Reiterating his intentions to work with the neighbors, Achilles said he is not against a probationary period but reminded the board that Kate’s Simple Eats was not required to operate on a probationary period. “I’m asking for fairness here … I’m okay with this, but I think there should be a standard,” he said.

            The public hearing was continued to July 20 at 6:15 pm.

            On May 4, the Select Board promised to talk about parking restrictions on River Road with residents concerned about the ramifications of the new business replacing Gilda’s at the mouth of River Road facing Route 6 near the Wareham town line.

            According to River Road resident Chris Collings, a member of Marion’s Planning Board, eight River Road residents representing six households were in attendance seeking protection against potential road blockages. The group also authored a petition hoping to leverage a result.

            Taking their turns, several spoke. Dick Gregory, 10 River Road, said it is unsafe for drivers turning right off Route 6 westbound onto River Road and it would take a couple hundred yards of parking restriction to avoid the critical delay turning off of the highway. He also noted that, in the past, there would occasionally be intoxicated people on his porch who could not find their cars and people urinating behind his house.

            Waterman explained that the new owners have to establish a parking plan that shows they can handle the building capacity but that he has yet to see it.

            The residents acknowledged that a no-parking law is not a solution because residents, guests, and vendor services need to access their properties.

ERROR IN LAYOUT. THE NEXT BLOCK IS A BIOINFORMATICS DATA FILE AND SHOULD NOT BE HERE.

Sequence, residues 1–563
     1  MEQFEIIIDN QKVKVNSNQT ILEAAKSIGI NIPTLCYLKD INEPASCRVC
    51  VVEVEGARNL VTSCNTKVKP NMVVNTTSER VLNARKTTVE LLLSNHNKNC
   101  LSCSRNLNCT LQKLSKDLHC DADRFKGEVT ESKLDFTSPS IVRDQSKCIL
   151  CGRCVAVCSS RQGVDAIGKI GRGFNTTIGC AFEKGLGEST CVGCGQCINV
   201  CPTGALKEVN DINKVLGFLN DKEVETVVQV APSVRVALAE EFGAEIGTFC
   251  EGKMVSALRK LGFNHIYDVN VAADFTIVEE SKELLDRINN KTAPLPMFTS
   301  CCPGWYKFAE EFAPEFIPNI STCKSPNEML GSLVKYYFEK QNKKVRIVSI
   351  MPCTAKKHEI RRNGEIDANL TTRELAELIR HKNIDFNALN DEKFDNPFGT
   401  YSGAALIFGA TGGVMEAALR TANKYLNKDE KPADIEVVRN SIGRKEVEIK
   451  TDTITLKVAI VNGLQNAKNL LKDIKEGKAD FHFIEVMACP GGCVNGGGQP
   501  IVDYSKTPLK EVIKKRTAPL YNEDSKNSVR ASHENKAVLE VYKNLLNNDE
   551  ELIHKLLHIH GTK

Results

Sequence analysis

McGrail noted that, should the owners’ proposed parking plan not support the capacity of the building, then the Select Board could in turn limit the capacity of the building. Building Commissioner Scott Shippey has the right to approve the project.

            Another abutter suggested that the large rocks bordering the business lot obscure the view of motorists and alluded to a recent collision resulting in a fatality.

            The discussion did not require action on the part of the Select Board, which awaits a parking plan from the applicant.

            In a 6:30 pm continued public hearing, the Select Board voted to approve a special permit for Papa’s Real Estate, LLC to operate a propane storage business in a water protection district at 0 Luce Avenue, pending Planning Board approval.

            In other business, the board voted to approve the reappointment to boards and committees all members in good standing as of June 22. The board approved a request from MMR (Marion, Mattapoisett and Rochester) Hose Company for a decommissioned surplus fire engine to be used for training purposes. The board approved a $4,500 donation for the new walking path at the Cushing Community Center, the reappointment of DPW engineer Meghan Davis to the Mattapoisett River Valley Water Supply Protection Advisory Committee, and ratified the clerical union contract.

            Parker recused himself from the board’s action to approve the Sippican Lands Trust’s request for a one-day liquor license for its September 18 SLT Beer and Oyster Fest at Cushing Community Center with the stipulation of a police detail.

            The board also approved street closures for the July 5 Independence Day parade.

            In response to an email from Christian Pedulli regarding “no littering” signage, the board discussed the lack of a littering bylaw in Marion. There is a state law against tossing trash out of a car and also littering at the marina.

            Finally, the board discussed its July meeting schedule, which hinges on preparation to address the town’s agreements with the Old Rochester Regional School District and the ORCTV contract on July 13.

            The next regular meeting of the Select Board was not set at adjournment.

Marion Select Board

By Mick Colageo